Services offered include the following:
one on one treatment onsite
Use of standardized and non-standardized assessment tools to assess the child's functional performance related to school performance. Reports can be used to apply for government funding.
group therapy based on demand and interest
online consulation and treatment
online or in-class support to students, teachers and program assistants
From pediatric to adolescence, maximizing independence in areas of day to day living such as socialization training, safety and self management may reduce the risk for anxiety and depression and improve overall confidence.
Fine motor (FM) skills develop in an orderly progression.
Individual finger movement, good use of thumb and position of wrist joint are essential components of fine motor skills development. Tactile, vestibular and proprioceptive processing come together to achieve FM success.
Coordination of fingers, hands and arms plays a vital role in independence in the activities of daily living (ADL).
Development of small muscles facilitates proper coordination to perform day to day activities in both home, school and meaningful play.
Through play and use of various modalities such as tweezers, tongs, spray bottles, playdough and other various arts and crafts supplies the hand, wrist and fingers are developed and strengthened to support school and home goals.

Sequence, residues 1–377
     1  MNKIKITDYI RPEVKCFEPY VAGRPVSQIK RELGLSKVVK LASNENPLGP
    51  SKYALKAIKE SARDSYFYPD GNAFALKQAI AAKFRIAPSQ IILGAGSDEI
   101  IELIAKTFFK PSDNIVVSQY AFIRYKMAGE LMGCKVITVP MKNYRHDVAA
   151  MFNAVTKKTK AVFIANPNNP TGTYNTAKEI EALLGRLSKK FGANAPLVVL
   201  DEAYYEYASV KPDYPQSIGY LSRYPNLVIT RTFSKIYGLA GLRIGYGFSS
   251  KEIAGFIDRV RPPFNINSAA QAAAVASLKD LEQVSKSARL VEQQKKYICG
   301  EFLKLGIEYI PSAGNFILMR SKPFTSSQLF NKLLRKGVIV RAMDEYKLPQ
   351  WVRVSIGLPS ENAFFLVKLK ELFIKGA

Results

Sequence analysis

For additional support, home and school visits can be arranged if needed.
Gross motor development progresses in the “Cephalocaudal” direction (means from head to toe). The first step towards walking is the development of head control. An infant learns to explore their environment using their hands before learning to explore their environment by walking.
Acquisition of developmental milestones will vary from child to child, however sequence of development remains the same for each child.
Treatment is based on use the normal development milestone checklist to find out the level of delay in the child. Use of functional play and exercises are the basis of treatment. Areas of focus include but are not limited to:
Balance and coordination
Strength and Endurance
Laterality (awareness of 2 sides of the body and their ability to move independently from each other)
Directionality (concepts such as forward and backwards, up and down)
Binocularity (the ability to use both eyes together for depth perception)
Successful Sensory Integration therapy involves understanding the interconnections between the 3 primary senses:
Using guided, fun and interactive play a combination of tactile, vestibular or proprioceptive activities are utilized to promote self regulation and motor planning.
When the sensory integration therapy is successful, the child is able to automatically process complex sensory information in a more effective manner (resulting in improved skill in daily routine tasks), show better emotional adjustment, and improved personal-social skills.